The UK government were explicitly told about allegations of child rape by serial pedophile Jimmy Savile in 1998, an inquiry has heard.
The head of the Honours Committee also resisted pressure from Margaret Thatcher in the 1980s to knight Savile, according to letters seen by the probe.
BBC News reports: Savile, who died in 2011, was ultimately knighted in 1990 in recognition of his charity work.
The Westminster strand of the inquiry heard civil servants were wary of Savile as early as 1984.
In letters exchanged with then prime minister Mrs Thatcher’s secretary, committee head Lord Robert Armstrong cited interviews with Savile published in the Sun the previous year in which the BBC DJ boasted about sleeping with hundreds of girls, having people assaulted, and telling a suicidal man how he could take his own life.
“My committee did not feel that sufficient time has elapsed since Mr Savile’s unfortunate revelations in the popular press in April of this year,” Lord Armstrong wrote.
“He is much in the public eye and it is unlikely that the lurid details of his story will have been forgotten. I fear it would be best if Mr Savile were to wait a little longer.”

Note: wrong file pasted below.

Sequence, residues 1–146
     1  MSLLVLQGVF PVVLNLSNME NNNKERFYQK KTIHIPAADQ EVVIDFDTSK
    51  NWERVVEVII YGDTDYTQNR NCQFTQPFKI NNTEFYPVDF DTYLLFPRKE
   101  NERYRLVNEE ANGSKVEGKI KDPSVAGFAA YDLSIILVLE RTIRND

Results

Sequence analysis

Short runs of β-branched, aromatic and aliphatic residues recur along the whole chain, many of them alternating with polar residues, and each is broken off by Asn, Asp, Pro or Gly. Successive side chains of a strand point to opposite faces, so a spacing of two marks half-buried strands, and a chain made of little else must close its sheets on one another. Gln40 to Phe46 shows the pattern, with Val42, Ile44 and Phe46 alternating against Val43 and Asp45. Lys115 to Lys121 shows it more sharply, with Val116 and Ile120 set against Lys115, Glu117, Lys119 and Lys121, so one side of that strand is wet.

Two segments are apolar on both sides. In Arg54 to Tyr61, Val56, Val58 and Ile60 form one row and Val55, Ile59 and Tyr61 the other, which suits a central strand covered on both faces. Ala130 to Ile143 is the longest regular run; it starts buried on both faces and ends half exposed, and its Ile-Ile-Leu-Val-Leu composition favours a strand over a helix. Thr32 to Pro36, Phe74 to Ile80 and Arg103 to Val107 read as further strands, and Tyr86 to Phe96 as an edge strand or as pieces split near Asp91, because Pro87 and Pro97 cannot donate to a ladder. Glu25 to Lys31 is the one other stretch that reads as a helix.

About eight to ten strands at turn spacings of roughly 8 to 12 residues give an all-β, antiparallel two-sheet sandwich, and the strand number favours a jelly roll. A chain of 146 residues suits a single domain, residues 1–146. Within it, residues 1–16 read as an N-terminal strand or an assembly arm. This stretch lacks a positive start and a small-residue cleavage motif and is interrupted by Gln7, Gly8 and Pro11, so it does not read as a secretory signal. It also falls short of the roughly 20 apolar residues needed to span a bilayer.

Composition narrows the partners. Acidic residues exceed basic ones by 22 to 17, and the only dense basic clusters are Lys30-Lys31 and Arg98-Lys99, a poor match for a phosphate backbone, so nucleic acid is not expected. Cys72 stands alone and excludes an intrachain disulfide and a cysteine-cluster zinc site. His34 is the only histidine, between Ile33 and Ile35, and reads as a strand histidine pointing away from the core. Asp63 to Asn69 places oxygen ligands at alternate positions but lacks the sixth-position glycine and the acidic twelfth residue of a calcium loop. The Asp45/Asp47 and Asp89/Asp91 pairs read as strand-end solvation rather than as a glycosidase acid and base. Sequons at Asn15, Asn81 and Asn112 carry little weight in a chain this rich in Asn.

He later refused to include him in the birthday honours list, saying time had “served only to strengthen the doubts felt about a knighthood for Mr Savile”.
He had been advised awarding a knighthood to Savile would bring the honours system into “disrepute”, he wrote.
In 1998, the committee received an anonymous letter that said “reports of a paedophilia nature” could emerge about Savile and allegations about his involvement with boys.
It said: “While within limits and bounds homosexuality can be rationalised in a modern society, we must not lose sight that paedophilia goes beyond any boundaries which right-minded people of whatever political persuasions find abhorrent.”
Giving evidence to the inquiry, senior civil servant Helen MacNamara – who currently heads the Honours and Appointments Secretariat – said such a letter would now be passed to police immediately.
She added that she did not know how the letter was dealt with at the time or if any concerns were raised with authorities.
The Independent Inquiry into Child Sexual Abuse in England and Wales is investigating claims against local authorities, religious organisations, the armed forces, and public and private institutions – as well as people in the public eye.
The inquiry is being led by Prof Alexis Jay, a former director of social services who headed the inquiry into child sexual exploitation in Rotherham.
The inquiry’s public hearings consist of 13 separate investigations, which are expected to last until 2020.